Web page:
Kelly shares what she loves about startup culture, the value of raising your hand, why she took a leap of faith and moved to Atlanta from NY during the pandemic to join Spanx, and more.
Tell us a little about your career history and what drew you to e-commerce.
My journey goes from creative to analytical, which is a little unusual but has given me a variety of perspectives throughout my career. I started my undergraduate studies in creative writing and wanted to be a novelist or magazine writer, but I also supported myself financially throughout college so I got more practical pretty quickly. After I graduated, I looked for communication jobs and landed in sales at Groupon in 2010 where I caught the startup bug. I loved being in an environment where everyone was willing to take on just about anything to build something cool together. Years later when I finished my MBA at Stern, I wanted to go back to a startup environment and put my newly honed analytical skills to use, so through a Stern connection I joined Quidsi, an e-commerce company that had been acquired by Amazon. That's where I really came up as a data-driven marketer and e-commerce leader.
You started at Spanx in Aug 2020, during the pandemic. What was that experience like?
Before I moved to Spanx, I was an early employee at ELOQUII, a startup in plus-size apparel, and after four years we sold the company to Walmart. I loved my work at ELOQUII with all my heart and cared so deeply about the customer and the brand, so I knew I needed to feel just as strongly about my next company. When I heard about the role at Spanx, a brand and founder I had admired for so long, I had an immediate feeling that I just knew it was the right job for me. I got the offer in June 2020 and moved with my husband and our then-two-year old daughter to Atlanta from New York, sight unseen. It was a big leap of faith (especially for a planner like me!), but I was confident it was right because my values aligned so well with the company, the founder, the leadership team, and the role.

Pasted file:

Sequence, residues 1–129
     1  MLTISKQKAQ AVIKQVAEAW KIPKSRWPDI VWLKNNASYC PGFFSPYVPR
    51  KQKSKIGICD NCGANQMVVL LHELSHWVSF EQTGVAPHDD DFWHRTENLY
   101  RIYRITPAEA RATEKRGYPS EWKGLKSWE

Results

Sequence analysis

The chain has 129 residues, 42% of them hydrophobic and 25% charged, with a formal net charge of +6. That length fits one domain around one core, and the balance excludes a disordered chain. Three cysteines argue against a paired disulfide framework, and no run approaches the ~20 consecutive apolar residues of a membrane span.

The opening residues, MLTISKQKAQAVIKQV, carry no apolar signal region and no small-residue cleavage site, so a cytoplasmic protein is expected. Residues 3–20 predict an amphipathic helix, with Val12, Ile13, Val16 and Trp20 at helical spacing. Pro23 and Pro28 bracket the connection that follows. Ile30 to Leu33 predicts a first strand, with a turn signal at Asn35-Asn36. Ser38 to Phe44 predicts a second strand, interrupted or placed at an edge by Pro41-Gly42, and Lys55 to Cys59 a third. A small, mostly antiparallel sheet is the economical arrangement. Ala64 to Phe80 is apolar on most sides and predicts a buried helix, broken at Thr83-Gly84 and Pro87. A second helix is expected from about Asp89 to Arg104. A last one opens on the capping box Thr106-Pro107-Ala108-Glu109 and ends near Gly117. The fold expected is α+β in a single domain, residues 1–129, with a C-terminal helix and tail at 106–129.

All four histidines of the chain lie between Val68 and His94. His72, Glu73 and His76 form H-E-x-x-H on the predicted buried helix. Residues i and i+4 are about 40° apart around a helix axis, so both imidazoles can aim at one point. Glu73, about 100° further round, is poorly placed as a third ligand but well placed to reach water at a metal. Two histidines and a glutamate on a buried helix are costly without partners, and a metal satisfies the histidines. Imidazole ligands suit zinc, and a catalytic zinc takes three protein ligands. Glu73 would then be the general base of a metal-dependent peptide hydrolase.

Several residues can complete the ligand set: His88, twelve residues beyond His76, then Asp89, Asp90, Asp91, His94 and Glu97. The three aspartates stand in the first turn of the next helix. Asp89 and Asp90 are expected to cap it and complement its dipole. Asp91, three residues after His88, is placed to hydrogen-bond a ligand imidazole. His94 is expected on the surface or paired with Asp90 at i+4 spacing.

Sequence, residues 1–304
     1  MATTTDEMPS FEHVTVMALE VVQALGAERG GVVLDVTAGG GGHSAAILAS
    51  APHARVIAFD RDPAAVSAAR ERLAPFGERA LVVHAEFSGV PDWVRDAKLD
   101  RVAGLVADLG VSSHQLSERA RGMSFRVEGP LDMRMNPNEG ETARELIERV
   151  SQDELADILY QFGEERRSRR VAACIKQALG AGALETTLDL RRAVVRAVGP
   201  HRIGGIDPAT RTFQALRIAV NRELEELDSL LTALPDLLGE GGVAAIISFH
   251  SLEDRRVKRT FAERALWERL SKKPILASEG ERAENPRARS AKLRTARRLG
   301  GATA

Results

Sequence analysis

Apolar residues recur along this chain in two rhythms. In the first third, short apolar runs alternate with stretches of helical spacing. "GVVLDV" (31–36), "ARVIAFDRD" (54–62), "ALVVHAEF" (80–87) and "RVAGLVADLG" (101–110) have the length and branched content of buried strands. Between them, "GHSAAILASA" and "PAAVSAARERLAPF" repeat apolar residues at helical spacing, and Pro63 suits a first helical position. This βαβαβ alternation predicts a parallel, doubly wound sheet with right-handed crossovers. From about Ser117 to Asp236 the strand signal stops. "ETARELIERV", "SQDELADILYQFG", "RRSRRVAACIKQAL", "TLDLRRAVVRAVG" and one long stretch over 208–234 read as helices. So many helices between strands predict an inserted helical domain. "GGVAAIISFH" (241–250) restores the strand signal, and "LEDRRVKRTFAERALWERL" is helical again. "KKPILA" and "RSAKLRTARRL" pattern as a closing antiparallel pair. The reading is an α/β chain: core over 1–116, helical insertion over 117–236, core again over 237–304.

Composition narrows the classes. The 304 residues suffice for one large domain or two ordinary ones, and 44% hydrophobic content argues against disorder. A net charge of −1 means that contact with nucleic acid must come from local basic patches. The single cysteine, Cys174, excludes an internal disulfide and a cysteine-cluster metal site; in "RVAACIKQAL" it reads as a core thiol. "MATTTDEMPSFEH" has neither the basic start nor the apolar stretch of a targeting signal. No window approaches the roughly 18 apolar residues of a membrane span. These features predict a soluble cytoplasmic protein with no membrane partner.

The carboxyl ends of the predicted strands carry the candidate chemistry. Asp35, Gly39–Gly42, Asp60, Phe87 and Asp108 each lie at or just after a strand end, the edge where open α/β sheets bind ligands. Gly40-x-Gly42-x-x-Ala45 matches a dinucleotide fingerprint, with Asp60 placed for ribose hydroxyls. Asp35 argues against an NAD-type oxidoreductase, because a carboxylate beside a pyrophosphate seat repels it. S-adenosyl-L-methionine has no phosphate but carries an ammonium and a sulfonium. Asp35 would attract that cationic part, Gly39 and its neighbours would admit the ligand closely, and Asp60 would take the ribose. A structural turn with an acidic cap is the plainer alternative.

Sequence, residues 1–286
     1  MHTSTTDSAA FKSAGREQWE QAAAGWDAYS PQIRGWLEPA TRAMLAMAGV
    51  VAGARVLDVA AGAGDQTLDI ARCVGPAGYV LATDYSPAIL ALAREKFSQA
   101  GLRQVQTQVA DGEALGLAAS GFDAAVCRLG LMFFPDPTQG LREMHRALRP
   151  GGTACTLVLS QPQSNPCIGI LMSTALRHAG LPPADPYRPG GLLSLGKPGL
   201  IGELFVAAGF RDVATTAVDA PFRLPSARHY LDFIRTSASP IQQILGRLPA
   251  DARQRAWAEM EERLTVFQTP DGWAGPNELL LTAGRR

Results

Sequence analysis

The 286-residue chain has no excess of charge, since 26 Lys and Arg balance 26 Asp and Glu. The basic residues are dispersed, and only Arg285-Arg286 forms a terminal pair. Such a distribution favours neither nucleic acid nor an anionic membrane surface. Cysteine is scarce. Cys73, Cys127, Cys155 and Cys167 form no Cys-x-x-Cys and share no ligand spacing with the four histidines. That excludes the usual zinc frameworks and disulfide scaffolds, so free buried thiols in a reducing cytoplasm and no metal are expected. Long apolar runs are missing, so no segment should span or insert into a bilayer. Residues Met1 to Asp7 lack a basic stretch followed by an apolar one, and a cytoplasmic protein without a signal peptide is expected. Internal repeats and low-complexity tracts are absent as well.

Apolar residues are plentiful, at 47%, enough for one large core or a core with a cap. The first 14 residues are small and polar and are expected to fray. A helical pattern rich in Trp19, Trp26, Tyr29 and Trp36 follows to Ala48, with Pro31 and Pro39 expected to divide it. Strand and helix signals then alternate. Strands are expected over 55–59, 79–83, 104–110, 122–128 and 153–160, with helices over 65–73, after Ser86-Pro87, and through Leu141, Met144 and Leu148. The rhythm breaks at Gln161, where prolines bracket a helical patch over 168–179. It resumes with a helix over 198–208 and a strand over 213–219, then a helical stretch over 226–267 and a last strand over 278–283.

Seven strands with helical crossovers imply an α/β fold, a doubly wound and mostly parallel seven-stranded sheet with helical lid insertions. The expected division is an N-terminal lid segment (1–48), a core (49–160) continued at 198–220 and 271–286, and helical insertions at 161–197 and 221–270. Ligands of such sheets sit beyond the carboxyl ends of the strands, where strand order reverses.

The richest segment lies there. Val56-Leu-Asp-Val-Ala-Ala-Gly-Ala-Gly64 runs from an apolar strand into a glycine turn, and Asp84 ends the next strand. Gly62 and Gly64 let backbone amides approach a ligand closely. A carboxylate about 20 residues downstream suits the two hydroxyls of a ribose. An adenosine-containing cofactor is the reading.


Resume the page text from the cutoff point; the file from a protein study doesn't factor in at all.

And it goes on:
Spanx made headlines last year for rewarding employees with a generous bonus. What was that like?
That was a true Oprah moment, (“you get a car, you get a car!”). Even thinking about it now, I have chills. We had an all-hands meeting and I was standing near members of my team when our incredible founder Sara Blakely announced in an emotional speech that every single employee was getting two first-class plane tickets anywhere in the world, and $10,000 toward a dream trip. There was a moment of silence first, then it was just pandemonium of screaming and crying. That was literally a life-changing moment. To me, that’s what a leader does. They are generous with everything--money, time, guidance, wisdom. I felt so lucky to be a part of that.